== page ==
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Summary:

Some are expecting the cleantech graveyard of startups to start filling up. But how companies wind down, sell off their assets, or morph into slimmer versions of their former selves, is a personal choice for the companies and investors. Here’s 10 ways you can do it:

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Some are expecting the cleantech graveyard of startups to start filling up, particularly in the second quarter of 2012. But how companies wind down, sell off their assets, or morph into new much slimmer versions of their former selves, is a personal choice for the companies and investors. Here’s 10 ways you can do it:

1. Make a firesale look like a lucrative acquisition: If you’re selling off your company for pennies to a competitor or larger firm, there’s no reason you have to let the world know. Make the terms of the deal undisclosed, so no one never knows you didn’t have the exit of your dreams. This doesn’t work so well if the acquirer is a public company, as the terms could come out in SEC filings.

2. Hire an expert: Sherwood Partners, and other firms like it, are focused on shuttering your company as quickly as possible, as efficiently as possible, and as quietly as possible.

3. Cold turkey: This approach only really works if your company hasn’t raised much money from outside investors, and could be a good choice for startup teams made up of developers. Just stop doing what you’re doing. Hug Energy shut down its energy software product before it was able to raise funding. Unfortunately a lot of capital-intensive cleantech firms won’t meet this bill.

4. File for bankruptcy: If creditors are knocking on your door, there’s always the traditional approach of filing for Chapter 11. While startups don’t normally do this, large public companies like Evergreen Solar do, and, well did, this week.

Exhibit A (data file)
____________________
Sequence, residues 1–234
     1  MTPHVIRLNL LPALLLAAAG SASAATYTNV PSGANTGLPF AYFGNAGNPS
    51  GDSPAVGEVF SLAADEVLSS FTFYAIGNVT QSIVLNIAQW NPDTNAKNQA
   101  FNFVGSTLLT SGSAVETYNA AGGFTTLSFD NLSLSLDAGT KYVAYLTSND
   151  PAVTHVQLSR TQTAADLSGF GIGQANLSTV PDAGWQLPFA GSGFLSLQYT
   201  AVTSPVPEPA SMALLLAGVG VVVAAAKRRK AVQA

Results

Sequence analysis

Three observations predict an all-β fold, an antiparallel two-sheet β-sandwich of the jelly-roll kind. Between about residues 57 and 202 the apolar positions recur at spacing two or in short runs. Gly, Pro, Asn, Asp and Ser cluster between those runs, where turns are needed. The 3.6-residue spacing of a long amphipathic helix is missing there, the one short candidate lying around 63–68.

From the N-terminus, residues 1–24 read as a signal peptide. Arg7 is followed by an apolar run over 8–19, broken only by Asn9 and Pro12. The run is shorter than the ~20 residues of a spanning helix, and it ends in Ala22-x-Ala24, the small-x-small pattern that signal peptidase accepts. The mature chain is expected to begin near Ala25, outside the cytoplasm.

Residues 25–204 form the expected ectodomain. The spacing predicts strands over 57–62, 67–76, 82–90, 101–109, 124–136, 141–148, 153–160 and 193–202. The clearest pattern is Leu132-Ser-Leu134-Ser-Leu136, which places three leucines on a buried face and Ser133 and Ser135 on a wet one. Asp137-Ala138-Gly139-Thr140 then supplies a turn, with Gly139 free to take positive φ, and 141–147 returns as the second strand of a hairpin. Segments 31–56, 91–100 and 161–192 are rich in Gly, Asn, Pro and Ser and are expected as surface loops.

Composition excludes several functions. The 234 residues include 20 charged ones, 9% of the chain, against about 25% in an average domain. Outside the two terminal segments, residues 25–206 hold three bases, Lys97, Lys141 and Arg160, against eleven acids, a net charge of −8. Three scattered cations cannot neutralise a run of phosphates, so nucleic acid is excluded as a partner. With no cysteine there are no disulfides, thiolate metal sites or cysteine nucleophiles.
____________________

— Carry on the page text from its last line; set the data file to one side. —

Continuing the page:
5. Sell off piece by piece: Whether you hire an expert or find acquirers yourself, you can sometimes sell off pieces of your businesses for more than the whole, from your various intellectual property to your assets to your software to your domain name. This is another way for your innovations to live on with a new owner.

6. Use your project as a resume: Here’s another one that’s meant for a small, pre-funding, venture. Use your impressive project to get a job at your competitors or peers. Yes, your innovation wasn’t a commercial success, but perhaps it’s cool enough to live on as your personal project in a bigger company, and can score you a high-paid job.

7. Blog it out: There’s something refreshing when it comes to companies being transparent, thorough and instructive when it comes to what went wrong and what they plan to do with their services and companies on the way out. Most companies give a final explanation for their decisions — the Valley is small and company life cycles are short — and communication can also help you find potential buyers or partners for your assets.

8. The carbonite freeze: However, a lot of companies choose to act like Hans Solo on his way to Jabba the Hutt: the slow freeze. Often times this occurs because of lack of funding, and the company is just stuck in a holding pattern, waiting for more funding, but unwilling to completely wind down. Range Fuels comes to mind here. Eventually these companies will dethaw and sell off assets or revive. But will claim that nothing is wrong (nothing here to see folks!) the whole way.

9. Reborn, but not really: Some companies try to keep going by “pivoting” (everyone’s favorite word) into a new company with a less capital-intensive or alternative business model. Say, instead of selling hardware, you’re going to sell services now instead. But sometimes these pivots are more half-hearted pirouettes into oblivion. The new plan often times isn’t different enough from the old plan, which wasn’t working.